Last Updated on February 5, 2016 by Team Spinfuel

Opinion: Electronic Cigarettes Industry

Since our online launch on March 1st  2012 we’ve managed to anger more than a few people and a few companies. Some believe that we chose our winners based on location, i.e., Florida. Since South Beach Smoke and Green Smoke are located almost 5 hours south of us (but still in Florida) they were chosen because we are “buddies”. Blu Cigs, located in North Carolina, well, I don’t know, maybe because some of us stopped in NC on our drive down to Florida from New Hampshire in early 2010. Whatever is being said, the truth had nothing to do with location.

Naturally, every company believes they have the best product, it’s natural to believe that your product is the best, or why even bother? . And we’re not saying with absolute certainty that OUR word is gospel; it’s merely our opinion based on 8 weeks of trials, which I dare say is more extensive than the vast majority of other eCig reviews. Which brings me to an obvious observation.

 Scientific Testing

I don’t believe anyone really believes that we have machines here that can taste Vapor output from an electronic cigarettes. If you do, please know that we don’t. Vapor “tests” were done by everyone gathering together and my making judgments based on a freshly charged battery, a new cartomizer, and a room without a fan. Our people walked around the subject who was vaping and scoring it on their own, on paper (or iPads). Asking questions of themselves such as “How does the vapor stack up against a tobacco-based cigarette?” Only when the writer/reviewer was ready to perform his or her vapor test did everyone gather around to participate in the test. Afterwards they wrote up their notes and submitted them to the person doing the review. I would say that 51% of the decision was in the hands of the reviewer, 49% was taken from the generated notes.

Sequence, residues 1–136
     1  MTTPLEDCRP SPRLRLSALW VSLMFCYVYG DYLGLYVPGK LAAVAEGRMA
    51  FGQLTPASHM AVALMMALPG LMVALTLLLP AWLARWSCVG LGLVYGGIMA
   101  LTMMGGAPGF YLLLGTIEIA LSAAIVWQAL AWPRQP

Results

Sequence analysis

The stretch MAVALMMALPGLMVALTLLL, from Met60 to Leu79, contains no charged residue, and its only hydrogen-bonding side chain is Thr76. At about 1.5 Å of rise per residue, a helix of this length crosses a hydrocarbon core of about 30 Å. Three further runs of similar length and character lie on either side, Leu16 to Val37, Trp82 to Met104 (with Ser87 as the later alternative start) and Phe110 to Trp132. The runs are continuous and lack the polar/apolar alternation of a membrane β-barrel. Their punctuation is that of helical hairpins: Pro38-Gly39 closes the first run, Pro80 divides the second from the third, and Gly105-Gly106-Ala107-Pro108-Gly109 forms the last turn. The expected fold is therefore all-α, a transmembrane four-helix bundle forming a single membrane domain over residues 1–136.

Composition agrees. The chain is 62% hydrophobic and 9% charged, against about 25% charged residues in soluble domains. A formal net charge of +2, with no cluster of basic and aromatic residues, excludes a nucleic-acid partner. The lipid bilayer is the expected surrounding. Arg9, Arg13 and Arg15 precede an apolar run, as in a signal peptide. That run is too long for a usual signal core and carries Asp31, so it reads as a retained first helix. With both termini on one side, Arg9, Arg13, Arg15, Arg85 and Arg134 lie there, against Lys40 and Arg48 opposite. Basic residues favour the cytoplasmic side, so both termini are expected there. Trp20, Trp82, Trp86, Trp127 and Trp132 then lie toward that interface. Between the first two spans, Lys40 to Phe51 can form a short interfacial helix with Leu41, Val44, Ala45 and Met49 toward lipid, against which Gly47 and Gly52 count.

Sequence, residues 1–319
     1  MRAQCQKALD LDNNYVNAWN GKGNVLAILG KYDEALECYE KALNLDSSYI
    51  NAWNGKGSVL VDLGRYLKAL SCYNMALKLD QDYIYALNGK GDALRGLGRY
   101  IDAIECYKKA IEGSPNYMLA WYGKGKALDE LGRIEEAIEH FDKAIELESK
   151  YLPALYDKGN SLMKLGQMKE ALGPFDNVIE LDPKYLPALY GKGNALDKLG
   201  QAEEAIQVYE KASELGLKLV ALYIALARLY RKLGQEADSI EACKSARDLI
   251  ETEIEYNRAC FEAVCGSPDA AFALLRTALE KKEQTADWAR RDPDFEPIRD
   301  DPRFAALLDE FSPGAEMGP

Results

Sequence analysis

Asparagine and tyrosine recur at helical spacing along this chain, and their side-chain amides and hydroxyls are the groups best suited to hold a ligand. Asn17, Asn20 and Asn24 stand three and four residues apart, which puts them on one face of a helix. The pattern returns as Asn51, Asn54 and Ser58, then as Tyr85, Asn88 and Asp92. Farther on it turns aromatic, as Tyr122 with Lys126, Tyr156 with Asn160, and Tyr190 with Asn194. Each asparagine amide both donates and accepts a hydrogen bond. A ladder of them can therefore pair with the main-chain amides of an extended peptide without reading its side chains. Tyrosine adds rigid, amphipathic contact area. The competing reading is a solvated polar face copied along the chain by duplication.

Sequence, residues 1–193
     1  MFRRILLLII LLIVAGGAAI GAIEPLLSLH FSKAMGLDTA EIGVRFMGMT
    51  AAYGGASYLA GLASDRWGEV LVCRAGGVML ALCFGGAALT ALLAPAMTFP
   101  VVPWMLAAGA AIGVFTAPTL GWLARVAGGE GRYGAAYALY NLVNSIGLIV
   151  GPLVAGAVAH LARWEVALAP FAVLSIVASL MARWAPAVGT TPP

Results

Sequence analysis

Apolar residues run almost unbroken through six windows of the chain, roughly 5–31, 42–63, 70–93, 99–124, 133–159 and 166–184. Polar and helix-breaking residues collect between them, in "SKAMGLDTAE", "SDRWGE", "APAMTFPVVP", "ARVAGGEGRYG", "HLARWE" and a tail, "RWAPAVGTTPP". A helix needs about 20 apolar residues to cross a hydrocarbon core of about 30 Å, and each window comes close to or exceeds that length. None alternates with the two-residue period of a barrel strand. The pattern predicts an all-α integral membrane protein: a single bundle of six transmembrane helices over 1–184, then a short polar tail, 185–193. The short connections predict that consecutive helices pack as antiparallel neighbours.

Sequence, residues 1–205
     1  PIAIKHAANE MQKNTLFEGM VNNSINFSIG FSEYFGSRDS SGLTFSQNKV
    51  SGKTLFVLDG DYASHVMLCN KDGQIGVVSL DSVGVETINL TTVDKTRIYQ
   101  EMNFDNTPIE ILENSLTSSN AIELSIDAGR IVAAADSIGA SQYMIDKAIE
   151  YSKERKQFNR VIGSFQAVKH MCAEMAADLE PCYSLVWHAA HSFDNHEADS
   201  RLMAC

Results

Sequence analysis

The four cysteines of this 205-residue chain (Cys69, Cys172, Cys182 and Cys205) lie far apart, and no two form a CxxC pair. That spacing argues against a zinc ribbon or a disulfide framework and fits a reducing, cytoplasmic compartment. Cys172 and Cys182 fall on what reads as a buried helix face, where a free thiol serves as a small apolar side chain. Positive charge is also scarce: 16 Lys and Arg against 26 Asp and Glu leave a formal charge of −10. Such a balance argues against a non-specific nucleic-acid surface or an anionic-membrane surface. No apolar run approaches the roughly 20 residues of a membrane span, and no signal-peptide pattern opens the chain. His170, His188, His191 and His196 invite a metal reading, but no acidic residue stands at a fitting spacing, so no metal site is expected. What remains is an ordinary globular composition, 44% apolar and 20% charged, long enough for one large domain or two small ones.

Without some access to a machine that could measure the vapor production, if there is such a thing, this was the best idea we could come up with. Observation.

Electronic Cigarettes Industry – Taste Tasting

This was the area where we nearly came to blows on several occasions. It was decided to include something in the reviews that told the reader, or reminded the reader, that taste is SUBJECTIVE. We do not know what you like, only you do. We can tell you that “we” love the taste of brand X, but only you know if you like the taste of brand X.

However, when you have at least 4 people judging the flavor of a particular brand/flavor blend/nicotine level you get 4 times the input about that taste question. If all 4 people loved a particular taste by a particular brand then chances are 4 times higher that you will too.

The best way to taste an electronic cigarettes is, once again, a fresh battery and cartomizer. The “tasters” should not have brushed their teeth in the past 2 hours, eaten spicy or super sweet foods, and especially not to have drank pineapple juice in the past several hours. (Don’t believe the pineapple claim? Try it. On any food. Pineapple will change your taste buds for a few hours).

However, because we are breathing in a water-based vapor there shouldn’t be any need to have to wait more than a few minutes to switch a flavor. A few sips of water, check a few emails, gather up some notes, make a phone call, and change the battery and cartomizer and do it all over again.